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Reflecting on learning activities

Use of Reflections in Asynchronous Online Engineering Courses

I stopped having my students take written exams in my classes several years ago. Most of my classes emphasize both project-based learning and the development of critical thinking skills. Research on student learning shows many benefits to the use of reflective writing in clinical or professional experiences. Students asked to reflect on their learning experiences are better able to retain and transfer their learning to new contexts. The act of reflecting requires retrieval, elaboration, and generation of information can make learning more durable for students [1].

Promoting reflective thinking is important to helping learners develop strategies to apply new information to unpredictable situations in real life. Knowledge is created through the transformation of experience. Reflective writing could be one method for promoting reflective thinking that allows learners to consider their experiences and transform them into knowledge that can be applied in new contexts. Reflective writing is an effective method for promoting metacognitive thinking.  Reflective writing can be a good tool for communication between students and mentors in experiential learning activities [2].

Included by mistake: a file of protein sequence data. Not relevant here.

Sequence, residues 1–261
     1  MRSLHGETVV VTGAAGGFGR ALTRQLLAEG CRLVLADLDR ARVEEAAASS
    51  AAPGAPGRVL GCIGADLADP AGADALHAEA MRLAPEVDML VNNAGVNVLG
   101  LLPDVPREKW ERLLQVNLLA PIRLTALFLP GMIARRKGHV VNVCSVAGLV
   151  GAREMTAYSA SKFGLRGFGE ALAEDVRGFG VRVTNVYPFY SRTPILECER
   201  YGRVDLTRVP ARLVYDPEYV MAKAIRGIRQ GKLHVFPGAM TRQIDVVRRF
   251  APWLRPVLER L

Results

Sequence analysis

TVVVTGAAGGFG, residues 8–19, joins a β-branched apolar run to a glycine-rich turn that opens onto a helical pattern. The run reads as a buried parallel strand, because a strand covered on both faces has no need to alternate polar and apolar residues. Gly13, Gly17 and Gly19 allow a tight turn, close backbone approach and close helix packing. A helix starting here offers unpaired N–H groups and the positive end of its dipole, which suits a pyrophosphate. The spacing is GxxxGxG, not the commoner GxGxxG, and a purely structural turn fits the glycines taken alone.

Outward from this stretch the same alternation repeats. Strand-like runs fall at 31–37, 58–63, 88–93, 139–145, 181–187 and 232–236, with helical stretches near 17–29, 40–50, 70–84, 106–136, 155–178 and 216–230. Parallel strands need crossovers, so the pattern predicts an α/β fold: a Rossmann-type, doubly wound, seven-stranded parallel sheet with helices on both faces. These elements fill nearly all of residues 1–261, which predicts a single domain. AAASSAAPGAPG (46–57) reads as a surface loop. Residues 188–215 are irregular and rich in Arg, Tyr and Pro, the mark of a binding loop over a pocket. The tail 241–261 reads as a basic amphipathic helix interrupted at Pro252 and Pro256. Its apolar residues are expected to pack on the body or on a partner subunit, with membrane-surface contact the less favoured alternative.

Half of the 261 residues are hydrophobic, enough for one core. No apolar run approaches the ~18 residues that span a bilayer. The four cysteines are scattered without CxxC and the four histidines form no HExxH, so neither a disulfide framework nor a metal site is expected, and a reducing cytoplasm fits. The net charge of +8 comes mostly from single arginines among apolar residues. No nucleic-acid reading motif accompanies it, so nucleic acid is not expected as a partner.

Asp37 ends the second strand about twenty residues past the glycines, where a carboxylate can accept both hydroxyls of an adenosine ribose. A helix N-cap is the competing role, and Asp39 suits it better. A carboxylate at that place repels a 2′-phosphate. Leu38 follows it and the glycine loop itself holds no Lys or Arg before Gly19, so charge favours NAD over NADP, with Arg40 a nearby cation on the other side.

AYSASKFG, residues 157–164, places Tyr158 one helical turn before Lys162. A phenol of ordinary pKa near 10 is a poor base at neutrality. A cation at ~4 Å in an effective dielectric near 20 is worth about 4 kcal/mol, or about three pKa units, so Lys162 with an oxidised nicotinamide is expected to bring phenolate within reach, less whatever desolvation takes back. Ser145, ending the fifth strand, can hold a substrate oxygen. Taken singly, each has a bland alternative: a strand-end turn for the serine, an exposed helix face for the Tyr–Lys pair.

Reflection might be thought of as a cycle of thinking and doing. When learners reflect their implicit knowledge is digested through active interpretation, questioning and exploration. In computer programming classes, novice programmers should focus less on the correctness of their solutions and more on developing their skills of reflecting on their process. This will help them improve their abilities to solve new and unseen problems. As learners improve their reflection skills, they may become more effective lifelong learners [3].

The use of frequent, low stakes learning assessments can benefit student performance in many different disciplines. Quizzes are often used in this regard. Quizzes provide students with opportunities for students to practice retrieving and applying information from memory. One study found that quizzes and reflection activities were equally effective in terms of assessing student learning. Reflection provides opportunities for students to think about their performance, consider which strategies were effective, and contemplate how to improve their process. In work contexts, individuals who engage in reflection have lower error rates when learning new skills [4].

At least one study involving students taking a computer architecture class found that asking students to answer reflective questions prior to taking an exam resulted in their  improved performance on the exam. Students believe that answering reflection questions helps to think critically by encouraging them to take a holistic view of the course material [5]. Reflection assignments might a good pedagogical tool for helping students connect course topics with the overall curriculum for the major area of study.